Isolation’s Impacts

Isolation’s Impacts

Helping kids cope with the pandemic’s emotional and behavioral legacy

Before the pandemic, Patrick DeFors brought his children, then ages 2 and 3, to a small in-home daycare three days a week. But when Illinois locked down in March 2020, DeFors and his wife Lisa pulled the children from daycare and kept them at home. 

“They had all the safety procedures in place, but since no one knew exactly what was going on, we took the option of pulling them out,” says DeFors, who lives in Chicago’s Lincoln Square neighborhood. 

At home for a year and a half, the kids adapted to life within their four walls. But DeFors had to frequently deny his children’s requests for social interaction at the playground and the Shedd Aquarium — their favorite outing. It created tension that they had never had before.

The change in routine was a complete upheaval, DeFors says. His daughter, whom DeFors describes as extroverted and friendly, became more sensitive to the lack of social interaction. She began frequently requesting contact with people outside the family. “She’s much more like, ‘Let’s call our friends. Can I call them? Please text them,’” he says. 

The DeFors kids weren’t the only ones cut off from socialization. Nationwide, enrollment in daycare dropped 67% last year, according to the National Association for the Education of Young Children, and 93% of school-age children participated in some form of distance learning, according to the U.S. Census Bureau.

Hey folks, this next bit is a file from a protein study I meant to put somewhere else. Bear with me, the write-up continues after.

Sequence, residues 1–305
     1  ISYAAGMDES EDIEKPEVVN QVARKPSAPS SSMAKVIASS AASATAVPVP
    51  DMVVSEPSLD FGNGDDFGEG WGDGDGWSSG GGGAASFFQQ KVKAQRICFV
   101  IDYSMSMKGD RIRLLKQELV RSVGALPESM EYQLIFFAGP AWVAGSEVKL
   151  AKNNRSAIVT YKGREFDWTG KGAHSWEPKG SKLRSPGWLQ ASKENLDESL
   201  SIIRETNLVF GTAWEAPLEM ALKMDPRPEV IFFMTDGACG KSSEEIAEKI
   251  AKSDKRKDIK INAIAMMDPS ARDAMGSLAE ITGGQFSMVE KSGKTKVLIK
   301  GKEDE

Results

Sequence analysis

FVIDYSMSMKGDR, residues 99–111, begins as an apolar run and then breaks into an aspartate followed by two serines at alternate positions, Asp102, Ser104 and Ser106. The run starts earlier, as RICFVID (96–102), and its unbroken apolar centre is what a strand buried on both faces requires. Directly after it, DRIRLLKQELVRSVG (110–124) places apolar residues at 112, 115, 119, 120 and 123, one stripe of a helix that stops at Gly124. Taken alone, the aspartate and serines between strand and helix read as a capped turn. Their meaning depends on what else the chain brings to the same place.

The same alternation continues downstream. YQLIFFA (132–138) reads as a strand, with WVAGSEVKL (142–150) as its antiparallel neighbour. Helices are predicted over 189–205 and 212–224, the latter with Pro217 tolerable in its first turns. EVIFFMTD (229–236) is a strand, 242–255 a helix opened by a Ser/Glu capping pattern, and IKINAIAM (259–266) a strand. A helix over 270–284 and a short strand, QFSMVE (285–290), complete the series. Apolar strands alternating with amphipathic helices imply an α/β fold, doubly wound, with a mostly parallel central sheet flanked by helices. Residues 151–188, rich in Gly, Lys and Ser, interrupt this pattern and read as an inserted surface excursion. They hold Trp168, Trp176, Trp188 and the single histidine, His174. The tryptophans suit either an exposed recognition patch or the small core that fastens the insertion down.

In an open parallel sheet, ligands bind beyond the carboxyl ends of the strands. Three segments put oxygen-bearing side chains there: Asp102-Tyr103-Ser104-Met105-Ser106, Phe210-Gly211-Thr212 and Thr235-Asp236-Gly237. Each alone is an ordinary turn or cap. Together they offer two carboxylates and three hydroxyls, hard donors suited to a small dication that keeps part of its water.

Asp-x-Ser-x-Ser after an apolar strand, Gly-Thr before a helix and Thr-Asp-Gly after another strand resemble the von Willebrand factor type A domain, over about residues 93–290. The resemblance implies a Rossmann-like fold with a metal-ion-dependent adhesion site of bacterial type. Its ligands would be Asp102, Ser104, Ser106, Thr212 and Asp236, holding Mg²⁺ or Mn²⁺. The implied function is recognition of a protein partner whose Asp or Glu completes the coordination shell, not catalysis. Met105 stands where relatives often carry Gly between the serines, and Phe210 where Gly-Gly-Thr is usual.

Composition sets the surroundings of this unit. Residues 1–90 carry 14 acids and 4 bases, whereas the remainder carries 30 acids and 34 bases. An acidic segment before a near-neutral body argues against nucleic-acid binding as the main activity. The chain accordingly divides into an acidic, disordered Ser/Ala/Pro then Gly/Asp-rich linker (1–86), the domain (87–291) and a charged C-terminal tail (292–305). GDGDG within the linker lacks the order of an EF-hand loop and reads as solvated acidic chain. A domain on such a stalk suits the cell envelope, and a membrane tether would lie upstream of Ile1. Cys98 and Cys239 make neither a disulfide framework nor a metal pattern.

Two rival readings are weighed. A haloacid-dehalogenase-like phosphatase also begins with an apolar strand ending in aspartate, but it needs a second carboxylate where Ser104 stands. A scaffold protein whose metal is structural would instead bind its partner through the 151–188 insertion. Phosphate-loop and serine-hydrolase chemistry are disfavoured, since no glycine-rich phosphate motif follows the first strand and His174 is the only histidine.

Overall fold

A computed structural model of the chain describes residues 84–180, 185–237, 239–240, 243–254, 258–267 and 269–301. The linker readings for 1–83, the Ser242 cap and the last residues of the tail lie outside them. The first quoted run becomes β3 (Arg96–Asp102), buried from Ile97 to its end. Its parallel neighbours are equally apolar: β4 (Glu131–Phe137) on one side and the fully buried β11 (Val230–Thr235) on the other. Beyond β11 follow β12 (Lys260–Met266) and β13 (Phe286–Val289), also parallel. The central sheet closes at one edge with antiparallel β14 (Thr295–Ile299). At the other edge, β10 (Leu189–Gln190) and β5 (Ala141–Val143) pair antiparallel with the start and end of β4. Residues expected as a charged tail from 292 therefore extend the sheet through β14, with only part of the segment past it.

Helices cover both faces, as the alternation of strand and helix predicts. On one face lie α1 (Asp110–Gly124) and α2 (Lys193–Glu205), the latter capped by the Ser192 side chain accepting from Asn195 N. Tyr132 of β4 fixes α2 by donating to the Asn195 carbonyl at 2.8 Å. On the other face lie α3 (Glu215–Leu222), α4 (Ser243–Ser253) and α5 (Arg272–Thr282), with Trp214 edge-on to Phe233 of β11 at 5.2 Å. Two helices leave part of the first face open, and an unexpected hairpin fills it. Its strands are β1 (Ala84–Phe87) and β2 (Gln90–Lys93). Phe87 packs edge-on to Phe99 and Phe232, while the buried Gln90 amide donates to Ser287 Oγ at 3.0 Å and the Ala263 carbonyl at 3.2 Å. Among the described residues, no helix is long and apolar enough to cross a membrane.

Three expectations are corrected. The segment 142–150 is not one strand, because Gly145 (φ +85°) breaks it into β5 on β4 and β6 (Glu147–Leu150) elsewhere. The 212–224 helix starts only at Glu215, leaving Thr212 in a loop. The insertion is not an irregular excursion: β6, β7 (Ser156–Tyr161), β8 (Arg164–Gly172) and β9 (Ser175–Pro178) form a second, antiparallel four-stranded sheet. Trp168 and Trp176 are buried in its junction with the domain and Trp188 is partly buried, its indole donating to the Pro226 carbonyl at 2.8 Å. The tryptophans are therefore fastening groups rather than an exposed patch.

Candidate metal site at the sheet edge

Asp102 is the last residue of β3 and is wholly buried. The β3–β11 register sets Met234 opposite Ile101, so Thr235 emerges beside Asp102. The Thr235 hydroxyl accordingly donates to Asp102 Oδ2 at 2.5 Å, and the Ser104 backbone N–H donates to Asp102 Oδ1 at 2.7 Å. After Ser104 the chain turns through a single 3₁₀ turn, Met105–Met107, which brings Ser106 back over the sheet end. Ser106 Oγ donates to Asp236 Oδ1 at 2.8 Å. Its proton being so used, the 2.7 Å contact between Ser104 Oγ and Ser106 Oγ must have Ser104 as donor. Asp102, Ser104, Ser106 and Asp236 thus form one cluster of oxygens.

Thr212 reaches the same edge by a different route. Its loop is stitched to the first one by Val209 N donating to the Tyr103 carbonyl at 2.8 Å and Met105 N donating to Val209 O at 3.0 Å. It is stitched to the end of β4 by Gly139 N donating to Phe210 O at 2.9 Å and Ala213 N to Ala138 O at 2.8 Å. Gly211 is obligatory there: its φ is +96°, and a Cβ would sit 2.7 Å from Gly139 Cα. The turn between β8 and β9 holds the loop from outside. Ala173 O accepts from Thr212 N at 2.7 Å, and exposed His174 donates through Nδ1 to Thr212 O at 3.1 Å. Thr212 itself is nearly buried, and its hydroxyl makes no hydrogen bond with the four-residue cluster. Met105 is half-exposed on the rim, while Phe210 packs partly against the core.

When the pandemic stripped the opportunity to interact with peers and others, children’s social and emotional development suffered. 

Some 48% of Chicago parents surveyed said they’d discussed concerns about their child’s mental health with their child’s primary healthcare provider, and 24% of parents said they used mental health or behavioral services for their children during the pandemic, according to a report from the Ann & Robert H. Lurie Children’s Hospital of Chicago.

Behavioral impact

While experts have seen changes in children’s behavior over the past year, they do not yet know what the long-term developmental effects will be.

Social worker Carmen Holley, a mental health consultant at the Center for Childhood Resilience at Lurie Children’s, recognizes the emotional effects of the pandemic’s isolation and trauma in preschool and elementary-age children. “With the little ones, it might show up as new anxieties around things and being scared of things that they weren’t scared of before,” Holley says. 

Some small children have experienced language regression and difficulty completing tasks they’d previously mastered, Holley says. 

Their emotional reactions may change, too. Some children have become more outwardly expressive with their emotions, while others have become more inward and withdrawn, appearing sadder than they normally are.

Without in-person school, many kids lost an important place where they learn how to manage emotions, resolve conflict, and build healthy relationships. “If the child can’t manage big feelings, it is really hard for them to learn,” Holley says. 

Teen spirit

Teens weren’t immune to the stressors. Many took on much more responsibility during the pandemic, says Sheryl Dubinsky, a licensed clinical professional counselor and behavioral health lead at the Heartland Health Center’s school-based health center at Sullivan